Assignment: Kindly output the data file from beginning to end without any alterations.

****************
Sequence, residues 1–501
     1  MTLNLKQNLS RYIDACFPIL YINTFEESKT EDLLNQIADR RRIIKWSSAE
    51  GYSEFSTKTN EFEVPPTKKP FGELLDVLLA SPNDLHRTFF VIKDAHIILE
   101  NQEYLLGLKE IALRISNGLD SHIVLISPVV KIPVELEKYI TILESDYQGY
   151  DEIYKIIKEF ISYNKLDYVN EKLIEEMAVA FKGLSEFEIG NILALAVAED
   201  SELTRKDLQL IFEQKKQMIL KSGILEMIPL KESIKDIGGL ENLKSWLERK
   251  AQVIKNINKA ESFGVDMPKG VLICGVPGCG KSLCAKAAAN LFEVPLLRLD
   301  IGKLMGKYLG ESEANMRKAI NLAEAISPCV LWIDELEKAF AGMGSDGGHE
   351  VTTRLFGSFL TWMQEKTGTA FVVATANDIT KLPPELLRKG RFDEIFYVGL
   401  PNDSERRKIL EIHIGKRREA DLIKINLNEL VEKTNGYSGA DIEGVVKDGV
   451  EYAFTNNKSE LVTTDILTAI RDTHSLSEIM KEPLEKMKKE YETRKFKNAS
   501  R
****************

Sequence, residues 1–501
     1  MTLNLKQNLS RYIDACFPIL YINTFEESKT EDLLNQIADR RRIIKWSSAE
    51  GYSEFSTKTN EFEVPPTKKP FGELLDVLLA SPNDLHRTFF VIKDAHIILE
   101  NQEYLLGLKE IALRISNGLD SHIVLISPVV KIPVELEKYI TILESDYQGY
   151  DEIYKIIKEF ISYNKLDYVN EKLIEEMAVA FKGLSEFEIG NILALAVAED
   201  SELTRKDLQL IFEQKKQMIL KSGILEMIPL KESIKDIGGL ENLKSWLERK
   251  AQVIKNINKA ESFGVDMPKG VLICGVPGCG KSLCAKAAAN LFEVPLLRLD
   301  IGKLMGKYLG ESEANMRKAI NLAEAISPCV LWIDELEKAF AGMGSDGGHE
   351  VTTRLFGSFL TWMQEKTGTA FVVATANDIT KLPPELLRKG RFDEIFYVGL
   401  PNDSERRKIL EIHIGKRREA DLIKINLNEL VEKTNGYSGA DIEGVVKDGV
   451  EYAFTNNKSE LVTTDILTAI RDTHSLSEIM KEPLEKMKKE YETRKFKNAS
   501  R